SpaceX has never flown a person into space in its Crew Dragon, its first crew-capable spacecraft. But already the company is showing off its much bigger, much shinier cousin: the Starship, built in Boca Chica, a coastal village at the southeastern tip of Texas, as part of a plan to carry giant crews into deep space. And NASA's administrator is bristling.
The Department of Commerce added 28 new companies and agencies to its running “blacklist” of Chinese firms banned from doing business in the United States, with a notable focus on companies that specialize in artificial intelligence, machine learning and digital surveillance.
Smart Summon is the latest Tesla feature making headlines that aren’t good news for Tesla. The feature lets a driver remotely get his car out of a parking space and drive across the lot to where the driver stands in wait.
On Oct. 1, the Washington DC circuit court of appeals rejected arguments to reinstate net neutrality protections repealed last year by the Republican-led US Federal Communications Commission (FCC). Telecom companies will now only be subject to “light-touch” federal regulation and are free to block, slow, or otherwise discriminate against content and services. FCC Chairman and ex-Verizon lawyer Ajit Pai welcomed the ruling as a “victory for consumers, broadband deployment, and the free and open Internet.”
NASA anticipates having to buy yet more seats aboard Russian Soyuz spacecraft next year, according to media reports. The three-seat Soyuz has been U.S. astronauts' only way to get to and from the International Space Station (ISS) since 2011, when NASA grounded its space shuttle fleet. NASA is counting on private U.S. craft to pick up the slack and has been encouraging these vehicles' development via the agency's Commercial Crew Program.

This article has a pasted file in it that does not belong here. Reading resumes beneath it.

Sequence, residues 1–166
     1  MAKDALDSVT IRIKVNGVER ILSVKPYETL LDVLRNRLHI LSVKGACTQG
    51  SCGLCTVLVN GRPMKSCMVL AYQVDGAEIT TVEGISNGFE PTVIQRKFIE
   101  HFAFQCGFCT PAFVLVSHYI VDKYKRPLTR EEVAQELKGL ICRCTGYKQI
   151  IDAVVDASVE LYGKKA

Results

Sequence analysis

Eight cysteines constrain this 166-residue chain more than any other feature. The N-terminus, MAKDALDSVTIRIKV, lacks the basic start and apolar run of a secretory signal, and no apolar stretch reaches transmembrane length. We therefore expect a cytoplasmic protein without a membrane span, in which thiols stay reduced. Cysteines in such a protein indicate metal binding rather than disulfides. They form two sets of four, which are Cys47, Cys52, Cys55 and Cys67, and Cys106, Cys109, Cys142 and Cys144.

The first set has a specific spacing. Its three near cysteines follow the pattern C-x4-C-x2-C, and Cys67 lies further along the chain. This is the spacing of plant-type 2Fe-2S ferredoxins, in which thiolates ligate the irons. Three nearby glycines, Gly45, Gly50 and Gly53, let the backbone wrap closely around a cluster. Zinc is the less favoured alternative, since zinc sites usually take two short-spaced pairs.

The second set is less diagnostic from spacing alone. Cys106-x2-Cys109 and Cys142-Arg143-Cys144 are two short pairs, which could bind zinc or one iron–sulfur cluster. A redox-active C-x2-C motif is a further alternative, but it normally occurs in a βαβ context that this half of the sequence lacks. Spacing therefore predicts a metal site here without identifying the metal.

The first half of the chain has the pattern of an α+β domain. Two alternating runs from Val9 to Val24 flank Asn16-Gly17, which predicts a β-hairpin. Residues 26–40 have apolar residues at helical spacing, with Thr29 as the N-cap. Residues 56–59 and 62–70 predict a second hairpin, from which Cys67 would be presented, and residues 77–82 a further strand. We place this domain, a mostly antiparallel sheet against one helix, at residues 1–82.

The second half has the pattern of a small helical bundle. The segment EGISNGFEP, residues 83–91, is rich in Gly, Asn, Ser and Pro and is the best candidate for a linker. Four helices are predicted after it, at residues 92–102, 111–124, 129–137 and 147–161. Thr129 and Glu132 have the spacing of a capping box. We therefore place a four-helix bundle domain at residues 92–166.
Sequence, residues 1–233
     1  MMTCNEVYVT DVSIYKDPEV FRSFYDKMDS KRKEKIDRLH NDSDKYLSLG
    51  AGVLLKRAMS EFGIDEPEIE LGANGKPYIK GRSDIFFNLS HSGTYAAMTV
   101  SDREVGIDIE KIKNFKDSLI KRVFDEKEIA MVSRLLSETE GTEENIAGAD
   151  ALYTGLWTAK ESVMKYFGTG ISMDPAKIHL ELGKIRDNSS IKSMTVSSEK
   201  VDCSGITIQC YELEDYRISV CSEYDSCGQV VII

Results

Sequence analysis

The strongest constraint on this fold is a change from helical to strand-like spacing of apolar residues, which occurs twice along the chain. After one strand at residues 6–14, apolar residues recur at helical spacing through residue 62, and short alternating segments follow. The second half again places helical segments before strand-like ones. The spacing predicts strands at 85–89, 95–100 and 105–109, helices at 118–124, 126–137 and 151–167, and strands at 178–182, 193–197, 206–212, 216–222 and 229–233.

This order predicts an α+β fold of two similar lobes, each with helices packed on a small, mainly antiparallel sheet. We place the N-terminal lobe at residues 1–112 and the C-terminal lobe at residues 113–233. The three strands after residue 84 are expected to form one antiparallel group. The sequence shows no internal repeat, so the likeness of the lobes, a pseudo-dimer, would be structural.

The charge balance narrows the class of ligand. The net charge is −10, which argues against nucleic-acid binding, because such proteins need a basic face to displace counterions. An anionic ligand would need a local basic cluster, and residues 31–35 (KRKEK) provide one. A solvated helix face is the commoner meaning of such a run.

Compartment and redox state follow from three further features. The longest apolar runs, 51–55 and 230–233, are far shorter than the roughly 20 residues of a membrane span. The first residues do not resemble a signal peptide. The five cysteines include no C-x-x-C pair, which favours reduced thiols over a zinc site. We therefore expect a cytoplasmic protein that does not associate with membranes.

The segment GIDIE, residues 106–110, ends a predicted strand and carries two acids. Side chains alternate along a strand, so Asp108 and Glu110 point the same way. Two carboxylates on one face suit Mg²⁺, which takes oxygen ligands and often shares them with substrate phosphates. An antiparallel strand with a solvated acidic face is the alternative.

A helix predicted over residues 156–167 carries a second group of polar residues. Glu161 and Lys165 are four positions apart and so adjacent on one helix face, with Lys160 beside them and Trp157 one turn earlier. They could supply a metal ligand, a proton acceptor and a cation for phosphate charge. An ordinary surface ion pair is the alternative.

When it comes to technology, the U.S. has long been regarded as a leader in global innovation. Having mobilized the computer, the microchip, the internet, and more, America’s tech leadership has propelled the economy forward and edged out competitors for decades. But according to the Aspen Cybersecurity Group, a number of countries may soon close in on the U.S. if the government doesn’t begin to act.
A U.S. online privacy bill is not likely to come before Congress this year, three sources said, as lawmakers disagree over issues like whether the bill should preempt state rules, forcing companies to deal with much stricter legislation in California that goes into effect on Jan. 1.
UPS announced that it has received government approval to operate a “drone airline.” Don’t expect your next package to arrive directly on your doorstep by a drone, though: UPS says it will first use this certification to build a drone delivery network for hospital campuses around the US. UPS said in July that it was seeking permission from the Federal Aviation Administration to operate the network, and today, it got just that.
Swarm had asked federal regulators for permission to launch and operate in space, as all American companies must do. Its application was rejected. The satellites launched anyway. When they crossed the boundary of Earth’s atmosphere, Spangelo instantly became a space outlaw. The case of the rogue satellites was a first in the United States.
A federal appeals court upheld on Tuesday the government’s repeal of strict regulations for the companies that connect consumers to the internet. But the court also said the Federal Communications Commission had overstepped by broadly stopping state and local governments from writing their own rules.